A piano teacher who focuses on adult students may commonly hear the question, how long does it take to learn to play the piano?
Indeed, what adult music student has never asked this? After all, we all have limited time and energy. And this becomes even more obvious with every passing year. While the process of learning to play the piano, guitar or another instrument may be enjoyable, actually being able to play seems like a much more desirable condition!
Yet how many children would ask, “how long does it take to learn…”? Learning is something that children do naturally. Learning is like a job description for a child! Unless they experience toxic learning environments, children remain innately predisposed to learning. They aren’t too focused (if at all) on the outcome. They don’t wonder how long it will take to learn their ABCs or multiplication tables. They’re living in the moment, enjoying the process rather than being focused on the end result (“three months from now I’ll know my ABCs!”).
Another influence on our predisposition towards learning as adults is that we live in an “instant results” culture. It’s normal to ask how long it will take to do or learn something. If you want to learn a new skill – a musical instrument, a foreign language, a sport – there is always someone promising quicker results.
Yet as any high-performing musician or music teacher will tell you, it takes time –typically measured in years – to learn to play piano or another instrument well.
That said, what does “play well” actually mean? The words suggest an end result – proficiency or mastery – as if there is a static, unchanging condition to achieve. But no matter how good you get, you can (and will) always get better, as long as you continue playing and practicing.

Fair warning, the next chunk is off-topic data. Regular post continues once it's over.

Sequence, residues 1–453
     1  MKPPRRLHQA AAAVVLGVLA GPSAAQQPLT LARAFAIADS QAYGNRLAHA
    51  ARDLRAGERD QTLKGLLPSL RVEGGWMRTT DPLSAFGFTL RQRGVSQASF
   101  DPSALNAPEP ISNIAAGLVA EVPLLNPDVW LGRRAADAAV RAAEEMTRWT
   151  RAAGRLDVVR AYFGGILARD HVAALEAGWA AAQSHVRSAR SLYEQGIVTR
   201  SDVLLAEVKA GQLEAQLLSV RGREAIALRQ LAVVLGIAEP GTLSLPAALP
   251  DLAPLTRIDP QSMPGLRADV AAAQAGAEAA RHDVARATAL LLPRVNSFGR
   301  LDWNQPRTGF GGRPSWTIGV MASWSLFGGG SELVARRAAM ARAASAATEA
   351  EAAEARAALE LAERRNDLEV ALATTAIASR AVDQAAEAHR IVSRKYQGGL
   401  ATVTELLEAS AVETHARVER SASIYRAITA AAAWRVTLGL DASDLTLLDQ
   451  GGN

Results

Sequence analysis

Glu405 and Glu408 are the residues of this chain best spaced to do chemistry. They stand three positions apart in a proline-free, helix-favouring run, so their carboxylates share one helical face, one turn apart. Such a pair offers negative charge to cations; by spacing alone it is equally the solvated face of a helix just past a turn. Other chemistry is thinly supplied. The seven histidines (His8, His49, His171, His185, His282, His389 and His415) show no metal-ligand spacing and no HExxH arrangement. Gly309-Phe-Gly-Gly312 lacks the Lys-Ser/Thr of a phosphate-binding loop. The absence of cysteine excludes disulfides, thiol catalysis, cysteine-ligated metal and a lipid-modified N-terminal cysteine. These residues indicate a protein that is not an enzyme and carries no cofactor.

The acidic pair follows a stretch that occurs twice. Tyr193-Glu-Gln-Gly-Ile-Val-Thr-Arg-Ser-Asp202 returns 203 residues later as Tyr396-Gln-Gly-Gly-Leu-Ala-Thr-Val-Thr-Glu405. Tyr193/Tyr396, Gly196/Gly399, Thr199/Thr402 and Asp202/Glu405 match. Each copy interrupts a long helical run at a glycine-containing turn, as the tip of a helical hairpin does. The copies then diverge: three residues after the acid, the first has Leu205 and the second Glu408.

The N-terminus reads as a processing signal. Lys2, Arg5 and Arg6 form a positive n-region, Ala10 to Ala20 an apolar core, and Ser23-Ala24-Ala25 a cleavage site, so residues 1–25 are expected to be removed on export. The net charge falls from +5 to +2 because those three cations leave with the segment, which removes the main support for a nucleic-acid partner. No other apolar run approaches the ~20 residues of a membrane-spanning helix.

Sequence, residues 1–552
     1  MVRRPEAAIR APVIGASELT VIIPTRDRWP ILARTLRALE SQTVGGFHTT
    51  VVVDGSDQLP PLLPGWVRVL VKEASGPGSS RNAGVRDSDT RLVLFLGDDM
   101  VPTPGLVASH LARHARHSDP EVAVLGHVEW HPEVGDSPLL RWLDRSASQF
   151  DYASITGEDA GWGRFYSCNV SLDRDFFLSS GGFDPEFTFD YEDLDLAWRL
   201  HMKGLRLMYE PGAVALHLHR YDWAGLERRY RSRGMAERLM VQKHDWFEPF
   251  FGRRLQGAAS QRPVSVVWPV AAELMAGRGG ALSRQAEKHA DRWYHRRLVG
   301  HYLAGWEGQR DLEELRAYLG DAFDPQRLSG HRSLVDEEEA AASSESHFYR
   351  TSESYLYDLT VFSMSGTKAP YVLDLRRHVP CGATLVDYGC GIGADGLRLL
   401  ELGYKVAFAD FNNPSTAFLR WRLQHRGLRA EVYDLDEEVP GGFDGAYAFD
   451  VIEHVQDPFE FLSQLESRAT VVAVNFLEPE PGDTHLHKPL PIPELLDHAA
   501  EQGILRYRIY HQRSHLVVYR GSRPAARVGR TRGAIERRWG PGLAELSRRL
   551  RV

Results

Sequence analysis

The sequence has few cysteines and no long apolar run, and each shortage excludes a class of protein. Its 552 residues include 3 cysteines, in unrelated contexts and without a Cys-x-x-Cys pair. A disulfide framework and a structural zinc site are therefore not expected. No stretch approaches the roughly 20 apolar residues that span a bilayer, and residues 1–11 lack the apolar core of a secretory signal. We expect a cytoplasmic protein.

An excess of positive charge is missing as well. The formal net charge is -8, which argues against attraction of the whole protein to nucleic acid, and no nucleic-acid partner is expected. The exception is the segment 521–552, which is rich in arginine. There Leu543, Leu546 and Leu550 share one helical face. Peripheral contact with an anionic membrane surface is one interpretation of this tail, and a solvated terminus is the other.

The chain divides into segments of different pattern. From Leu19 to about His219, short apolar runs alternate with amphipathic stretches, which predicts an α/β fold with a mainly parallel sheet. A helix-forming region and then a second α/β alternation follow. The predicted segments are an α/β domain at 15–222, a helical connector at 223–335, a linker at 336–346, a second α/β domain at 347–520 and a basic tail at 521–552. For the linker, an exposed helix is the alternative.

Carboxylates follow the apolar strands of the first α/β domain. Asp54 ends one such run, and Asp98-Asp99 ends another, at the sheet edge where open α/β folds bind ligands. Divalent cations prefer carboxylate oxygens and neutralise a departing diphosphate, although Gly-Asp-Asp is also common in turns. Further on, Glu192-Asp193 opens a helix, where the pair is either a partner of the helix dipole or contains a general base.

And no matter how good you get, there will always be someone who can do something you can’t. This is true for everyone, including world-class musicians. Vladimir Horowitz couldn’t improvise like Oscar Peterson. Beethoven couldn’t compose like Mozart. It’s not useful to compare yourself to others, nor is it particularly constructive to negatively compare your current ability to your anticipated future ability.
One suggestion? Forget about instant results and stay in the moment, where you can enjoy your playing. After all, music itself is only ever enjoyed in the present moment. So why not keep your attention on your present-moment skills too, and be grateful for what you can do?
How long does it take to learn to play a musical instrument? Your whole life. And only this moment.
No matter your skill level, Musicnotes has the sheet music to help you along your musical journey! From Beginner Notes, to Easy Piano, to pieces for all skill levels, we’ve got an extensive catalog of piano sheet music ready for you to learn and enjoy.
-Beats Central Team
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